Big D big on growth

Big D has seen its fair share of boom and bust over the past 10 years, but as the 1990s come to a screeching close, the area's office, industrial and retail markets are still exploding. Building cranes are back. So is capital. But so, too, are job growth and tenant demand.

We visited with some of the Metroplex's top real estate minds recently at the Mansion on Turtle Creek in Dallas to bring us up to date on the status of the local markets.

NREI: ONCOR has ranked Dallas the No. 1 city in new office starts. Will there be enough tenants next year to fill all the new buildings going up?

Mark Small: All the buildings that are going to start haven't started for this particular market. There haven't been any significant new starts in this market in probably eight months to a year, with my Churchill building being the last major new start at 300,000 sq. ft. and that was the middle of January of this year.

We have about 11 million sq. ft. of space being delivered this year and we're going to absorb about 5.5 to 6 million sq. ft. of space. We probably will have another 3 million to 4 million sq. ft. delivered next year. The important thing is the Dallas economy is very strong. It is outpacing the Texas economy and the Texas economy is outpacing the national economy. So a lot of businesses are adding new employees, they are expanding, they're relocating from their existing spaces, they're looking for more efficient space and new space with new features. So we're seeing a tremendous amount of absorption in the new developments because of those factors.

When you look at the Parkway where most of the significant development has occurred, that's also where most of the significant absorption is occurring. We have a 400,000 sq. ft. building coming on line at the end of this year on the Parkway, and we are 50% leased right now. We hired Transwestern to do our leasing and we're working about 1 million to 2 million sq. ft. of prospects for the buildings. I'm starting to look at developing a second office tower on that site along with other facilities. I think the Parkway is going to absorb fairly quickly.

If you look at the market as a whole, we have about 5 million sq. ft. of projected new inventory at the end of 2000, which equates to about a 1-year supply. Given that there haven't been any significant new starts, that should be adequate to keep us supplied with new space until more new space can be delivered in 2002 because it takes about two years to deliver new space. And we have somewhere north of 20 million sq. ft. of renewals that we're in the midst of right now. It's a very active marketplace.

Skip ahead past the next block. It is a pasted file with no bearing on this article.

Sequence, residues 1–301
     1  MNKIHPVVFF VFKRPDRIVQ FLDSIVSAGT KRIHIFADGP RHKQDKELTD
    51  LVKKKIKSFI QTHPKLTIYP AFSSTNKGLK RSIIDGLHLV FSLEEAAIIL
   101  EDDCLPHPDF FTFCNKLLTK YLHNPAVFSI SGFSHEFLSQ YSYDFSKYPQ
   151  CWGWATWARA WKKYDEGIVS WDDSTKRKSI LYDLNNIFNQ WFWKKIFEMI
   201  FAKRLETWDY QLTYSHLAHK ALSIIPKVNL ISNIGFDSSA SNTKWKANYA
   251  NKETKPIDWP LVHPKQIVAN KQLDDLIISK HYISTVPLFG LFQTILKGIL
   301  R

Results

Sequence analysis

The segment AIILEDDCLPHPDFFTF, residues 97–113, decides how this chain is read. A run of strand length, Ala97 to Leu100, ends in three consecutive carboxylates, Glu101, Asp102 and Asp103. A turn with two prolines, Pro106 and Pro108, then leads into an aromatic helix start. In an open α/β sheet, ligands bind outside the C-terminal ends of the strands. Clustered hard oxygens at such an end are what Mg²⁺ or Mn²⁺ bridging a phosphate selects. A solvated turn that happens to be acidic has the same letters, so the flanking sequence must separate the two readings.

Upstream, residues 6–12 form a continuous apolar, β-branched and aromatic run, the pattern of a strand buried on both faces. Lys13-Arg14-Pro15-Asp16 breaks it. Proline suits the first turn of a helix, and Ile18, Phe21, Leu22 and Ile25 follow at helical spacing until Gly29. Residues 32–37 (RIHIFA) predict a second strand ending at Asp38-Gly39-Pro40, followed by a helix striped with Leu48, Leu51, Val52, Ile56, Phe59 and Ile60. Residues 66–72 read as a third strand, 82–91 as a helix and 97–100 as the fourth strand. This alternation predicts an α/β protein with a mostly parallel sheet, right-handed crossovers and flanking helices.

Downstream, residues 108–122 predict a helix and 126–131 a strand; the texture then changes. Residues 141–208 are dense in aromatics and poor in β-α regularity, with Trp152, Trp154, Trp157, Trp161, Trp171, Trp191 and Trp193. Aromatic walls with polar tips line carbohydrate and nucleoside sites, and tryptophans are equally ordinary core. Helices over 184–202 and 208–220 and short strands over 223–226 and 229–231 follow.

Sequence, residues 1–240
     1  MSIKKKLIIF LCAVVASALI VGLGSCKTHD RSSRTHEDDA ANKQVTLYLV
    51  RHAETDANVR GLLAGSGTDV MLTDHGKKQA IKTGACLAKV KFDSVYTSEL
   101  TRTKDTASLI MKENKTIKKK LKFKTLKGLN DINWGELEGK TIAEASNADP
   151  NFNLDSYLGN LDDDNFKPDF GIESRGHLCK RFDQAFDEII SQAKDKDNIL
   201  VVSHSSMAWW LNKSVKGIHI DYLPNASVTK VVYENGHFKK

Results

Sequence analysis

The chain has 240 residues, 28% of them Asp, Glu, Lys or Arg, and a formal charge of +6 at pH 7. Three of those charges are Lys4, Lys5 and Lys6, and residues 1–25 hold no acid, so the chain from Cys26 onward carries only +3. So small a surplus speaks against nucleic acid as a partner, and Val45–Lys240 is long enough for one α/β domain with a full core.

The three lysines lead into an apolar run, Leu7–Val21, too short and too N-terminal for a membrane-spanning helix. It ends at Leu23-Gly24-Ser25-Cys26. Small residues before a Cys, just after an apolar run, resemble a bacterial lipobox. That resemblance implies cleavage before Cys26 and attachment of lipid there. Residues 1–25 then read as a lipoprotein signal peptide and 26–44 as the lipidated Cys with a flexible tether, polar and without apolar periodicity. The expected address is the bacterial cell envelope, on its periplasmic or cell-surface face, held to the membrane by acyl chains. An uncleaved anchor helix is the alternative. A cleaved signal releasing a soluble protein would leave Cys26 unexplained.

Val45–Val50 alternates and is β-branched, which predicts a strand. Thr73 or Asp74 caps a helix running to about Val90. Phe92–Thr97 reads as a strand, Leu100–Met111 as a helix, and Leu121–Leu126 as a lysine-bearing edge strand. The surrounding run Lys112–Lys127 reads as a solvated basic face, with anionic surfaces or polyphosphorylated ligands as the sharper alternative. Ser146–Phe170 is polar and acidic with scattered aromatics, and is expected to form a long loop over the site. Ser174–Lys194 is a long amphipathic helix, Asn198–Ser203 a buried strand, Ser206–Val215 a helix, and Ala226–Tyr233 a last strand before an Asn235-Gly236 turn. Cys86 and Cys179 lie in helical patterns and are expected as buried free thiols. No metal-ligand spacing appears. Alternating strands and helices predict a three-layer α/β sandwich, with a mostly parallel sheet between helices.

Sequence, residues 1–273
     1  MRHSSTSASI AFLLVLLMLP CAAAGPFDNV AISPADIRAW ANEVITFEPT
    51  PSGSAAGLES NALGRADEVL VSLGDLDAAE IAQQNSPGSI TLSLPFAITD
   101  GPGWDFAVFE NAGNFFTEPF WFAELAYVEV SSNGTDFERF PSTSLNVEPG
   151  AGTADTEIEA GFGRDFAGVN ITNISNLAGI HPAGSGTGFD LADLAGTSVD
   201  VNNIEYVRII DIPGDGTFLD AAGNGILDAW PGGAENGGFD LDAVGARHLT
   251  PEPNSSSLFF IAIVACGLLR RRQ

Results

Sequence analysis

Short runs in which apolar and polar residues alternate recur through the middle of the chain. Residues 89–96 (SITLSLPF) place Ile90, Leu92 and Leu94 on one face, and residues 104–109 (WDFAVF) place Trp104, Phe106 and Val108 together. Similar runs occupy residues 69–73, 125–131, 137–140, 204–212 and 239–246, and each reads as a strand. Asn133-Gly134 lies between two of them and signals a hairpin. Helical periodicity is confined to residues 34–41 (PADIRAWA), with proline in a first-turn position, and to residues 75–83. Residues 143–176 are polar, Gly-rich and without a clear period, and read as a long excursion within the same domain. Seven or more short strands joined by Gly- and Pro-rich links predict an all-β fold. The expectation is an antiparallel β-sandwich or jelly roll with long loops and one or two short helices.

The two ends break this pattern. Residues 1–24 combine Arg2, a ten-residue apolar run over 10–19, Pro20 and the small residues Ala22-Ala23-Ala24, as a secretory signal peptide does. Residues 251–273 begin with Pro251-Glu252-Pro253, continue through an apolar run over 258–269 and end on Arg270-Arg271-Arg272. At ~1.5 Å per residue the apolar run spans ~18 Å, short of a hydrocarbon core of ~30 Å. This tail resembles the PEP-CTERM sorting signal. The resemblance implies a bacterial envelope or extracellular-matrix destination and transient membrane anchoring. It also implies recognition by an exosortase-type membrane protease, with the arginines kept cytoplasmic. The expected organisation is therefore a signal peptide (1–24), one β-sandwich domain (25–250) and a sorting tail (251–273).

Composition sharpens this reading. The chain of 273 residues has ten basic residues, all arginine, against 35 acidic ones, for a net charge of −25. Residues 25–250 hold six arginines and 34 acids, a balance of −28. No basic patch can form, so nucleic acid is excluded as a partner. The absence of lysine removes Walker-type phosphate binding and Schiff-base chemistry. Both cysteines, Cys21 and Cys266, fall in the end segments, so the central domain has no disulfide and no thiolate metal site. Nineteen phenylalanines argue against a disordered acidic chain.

Elizabeth Trocchio: Mark, are you doing any build-to-suits or are they all multi-tenant?

Small: All of mine are multi-tenant. We've been approached by several companies to do build-to-suit, and I usually try to steer them into one of my buildings.

Charles Anderson: As always in Dallas, we got a little bit ahead of ourselves with the development. The good news is the capital, primarily the construction lenders, have pulled their horns back in and allowed the market to catch up with itself. The big driver here is job growth, and to the extent the Dallas economy is strong, I absolutely agree with Mark. I'd say we're on the sidelines from a spec standpoint from anywhere from 18 to 30 months given where the economy is and job growth goes.

For the most part we've seen great absorption. We had a marketing meeting the other day and we see about 7 million sq. ft. of prospects in the greater Dallas marketplace today and the bulk of that is people who are growing, so a good portion of that 7 million sq. ft. will be net absorption. We see anywhere from 4.5 to 5.5 million sq. ft. being absorbed this year. I think a lot of stuff will happen in the fourth quarter this year with people trying to get things done before they hit the 2000 mark. Again, once we get through the first90 days of 2000 I expect it to pick right back up and continue to go.